Walking, Not Running, to PTT

Rival U.S. carriers are trying to catch up with Nextel Communications Inc. (Nasdaq: NXTL) by implementing digital push-to-talk (PTT) services, the feature that allows your mobile phone to work like a walkie-talkie. However, analysts say that such services are unlikely to be available before the end of next year, and questions remain about whether the technology will be as profitable for others as it has been for Nextel.

The Nextel "Direct Connect" system allows users to push a button and to chat with another person or group on the Nextel iDEN network. The system currently has a range of several hundred miles, but the Reston, Va.-based operator says it will roll out a nationwide service in the second half of next year.

Nextel says more than 150 million Direct Connect calls are made daily on its networks with nearly 50 billion such calls being made in 2001. The company sees an average revenue per user (ARPU) of over $70 a month from its business-oriented customer base. Its Direct Connect PTT technology -- once dismissed by rivals as a plain and dowdy imitation of a walkie-talkie -- is a major contributor to an ARPU metric that has become the envy of the industry.

Analysts say that U.S. carriers consider PTT a technology priority, even though the carriers are denying it.

"For competitive reasons, we're not announcing any plans for push-to-talk," Jenny Morford, a spokesperson for Sprint PCS (NYSE: PCS) told us.

"We can't talk about that at all, no comment," a non-spokesperson for Cingular Wireless says.

And those are just the carriers we managed to push to talk. AT&T Wireless Services Inc. (NYSE: AWE), T-Mobile USA, and Verizon Wireless had not returned our calls by press time.

Yet there is plenty going on behind the scenes. Major CDMA and GSM/GPRS carriers as well as a number of smaller operators are looking at PTT systems. However, Phil Marshall, program manager of mobile and wireless technologies at Yankee Group, and Mark Lowenstein, managing director of consulting firm Mobile Ecosystem, both agree that the road to push-to-talk is fraught with difficulties and delays.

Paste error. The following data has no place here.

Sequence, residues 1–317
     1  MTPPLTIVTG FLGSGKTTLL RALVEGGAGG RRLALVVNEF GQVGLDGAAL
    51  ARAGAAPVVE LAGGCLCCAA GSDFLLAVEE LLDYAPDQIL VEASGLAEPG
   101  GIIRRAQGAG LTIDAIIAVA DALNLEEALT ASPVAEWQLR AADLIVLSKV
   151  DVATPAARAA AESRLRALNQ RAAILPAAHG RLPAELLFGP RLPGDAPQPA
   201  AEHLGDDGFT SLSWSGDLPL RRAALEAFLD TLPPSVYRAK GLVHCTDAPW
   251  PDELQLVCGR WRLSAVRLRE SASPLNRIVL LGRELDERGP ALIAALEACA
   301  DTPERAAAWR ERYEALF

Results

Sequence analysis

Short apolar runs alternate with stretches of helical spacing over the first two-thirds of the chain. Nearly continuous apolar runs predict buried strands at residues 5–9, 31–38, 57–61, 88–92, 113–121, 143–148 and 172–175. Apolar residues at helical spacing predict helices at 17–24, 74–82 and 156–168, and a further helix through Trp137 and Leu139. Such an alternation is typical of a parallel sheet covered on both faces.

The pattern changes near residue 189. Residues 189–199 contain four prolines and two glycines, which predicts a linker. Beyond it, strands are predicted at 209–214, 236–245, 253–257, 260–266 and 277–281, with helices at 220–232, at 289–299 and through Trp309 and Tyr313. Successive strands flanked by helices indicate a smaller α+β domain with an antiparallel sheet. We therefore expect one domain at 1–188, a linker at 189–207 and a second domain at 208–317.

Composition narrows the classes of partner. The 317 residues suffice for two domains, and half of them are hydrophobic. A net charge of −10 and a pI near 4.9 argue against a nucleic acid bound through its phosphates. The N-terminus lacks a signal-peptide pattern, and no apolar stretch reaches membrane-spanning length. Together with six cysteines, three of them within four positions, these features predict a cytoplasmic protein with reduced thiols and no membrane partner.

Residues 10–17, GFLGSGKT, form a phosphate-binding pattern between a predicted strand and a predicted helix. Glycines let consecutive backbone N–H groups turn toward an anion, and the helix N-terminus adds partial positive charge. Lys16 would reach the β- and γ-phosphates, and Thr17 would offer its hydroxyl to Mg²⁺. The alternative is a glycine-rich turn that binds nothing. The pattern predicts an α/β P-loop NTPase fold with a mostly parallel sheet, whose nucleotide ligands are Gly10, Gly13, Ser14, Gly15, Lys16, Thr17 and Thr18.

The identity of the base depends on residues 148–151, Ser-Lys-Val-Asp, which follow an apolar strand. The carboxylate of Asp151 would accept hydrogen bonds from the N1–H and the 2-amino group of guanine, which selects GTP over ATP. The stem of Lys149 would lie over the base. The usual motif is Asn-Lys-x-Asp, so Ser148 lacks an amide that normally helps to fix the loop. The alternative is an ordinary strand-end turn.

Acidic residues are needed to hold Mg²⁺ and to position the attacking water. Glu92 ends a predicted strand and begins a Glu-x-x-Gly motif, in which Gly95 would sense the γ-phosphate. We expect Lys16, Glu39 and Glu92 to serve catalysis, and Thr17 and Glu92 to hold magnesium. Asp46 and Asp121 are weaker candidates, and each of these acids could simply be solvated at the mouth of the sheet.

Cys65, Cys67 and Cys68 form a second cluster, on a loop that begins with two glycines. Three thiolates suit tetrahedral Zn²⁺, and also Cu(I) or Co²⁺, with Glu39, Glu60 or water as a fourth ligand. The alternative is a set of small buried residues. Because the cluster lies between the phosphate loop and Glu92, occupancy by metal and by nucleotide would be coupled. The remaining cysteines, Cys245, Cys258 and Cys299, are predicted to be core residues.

"Sprint originally indicated that it would have technology ready by the end of this year," says Marshall. However, he -- like Lowenstein -- is not expecting operators and vendors to have networks and suitable handsets ready much before the end of next year. "I think second half at best," says Lowenstein.

The problem is that cellular networks -- even so-called next-generation networks -- aren't really intended to handle multicast IP applications. Call setup times and network latency and capacity issues are all potential hangups for operators looking at PTT.

Yankee's Marshall says that carriers like Sprint have been looking at combining a softswitch architecture -- to detect and route PTT calls -- with middleware, such as Qualcomm Inc.'s (Nasdaq: QCOM) BREW-based Q-Chat, which brings group calls together, although it is not yet clear that a commercial version of the Qualcomm application is generally available.

However, Mobile Ecosystem's Lowenstein says that call setup and latency issues are proving a particular problem with CDMA systems. "You really need a call setup to be under five seconds and voice latency to be under a second to make [PTT] viable," he says.

Sources that Unstrung has spoken to suggest that Winphoria Networks, one of the softswitch startups that Sprint has been working with, has had trouble achieving those kinds of figures.

Neither Lowenstein nor Marshall could confirm this. "I do know that for a while that Sprint was working almost exclusively with Winphoria," offers Lowenstein. "But now they've brought in a few other suppliers."

Winphoria would not comment either. "We're engaged with multiple carriers in North America," a company spokesperson told Unstrung. However, other names on Sprint's PTT list include Israeli startup Mobile Tornado and Dynamicsoft.

For GSM/GPRS operators, PTT represents a capacity problem, according to Lowenstein. As with wireless data services, operators will have to juggle how many channels they can dedicate to PTT against the impact that may have on their voice services.

Sonim Technologies Inc. is one of the more prominent startups working on the GSM side of the fence (see Sonim SIPs $18.6M Funding). The San Mateo, Calif.-based company says it is working with one U.S. operator, one British carrier, and an Italian service provider. However, as we've said, initial rollouts are not expected before the end of next year.

Despite all of this activity, Yankee's Marshall wonders whether carriers are blinded to the reality of PTT on their networks. The Nextel success with business customers may be difficult to duplicate. "The guys that are presenting this are pointing to Nextel's $70 ARPU but talking about low-cost family walkie-talkie applications."

Certainly, it seems unlikely that the new entrants to the PTT market will be able to make much headway against Nextel's mature and stable system. "The blue collar market is saturated," says Lowenstein.

However, he reckons that the additional $10 or $20 in ARPU that such a system could bring in may be useful to carriers. Especially if they can sell dedicated devices around a PTT service as well.

— Dan Jones, Senior Editor, Unstrung www.unstrung.com
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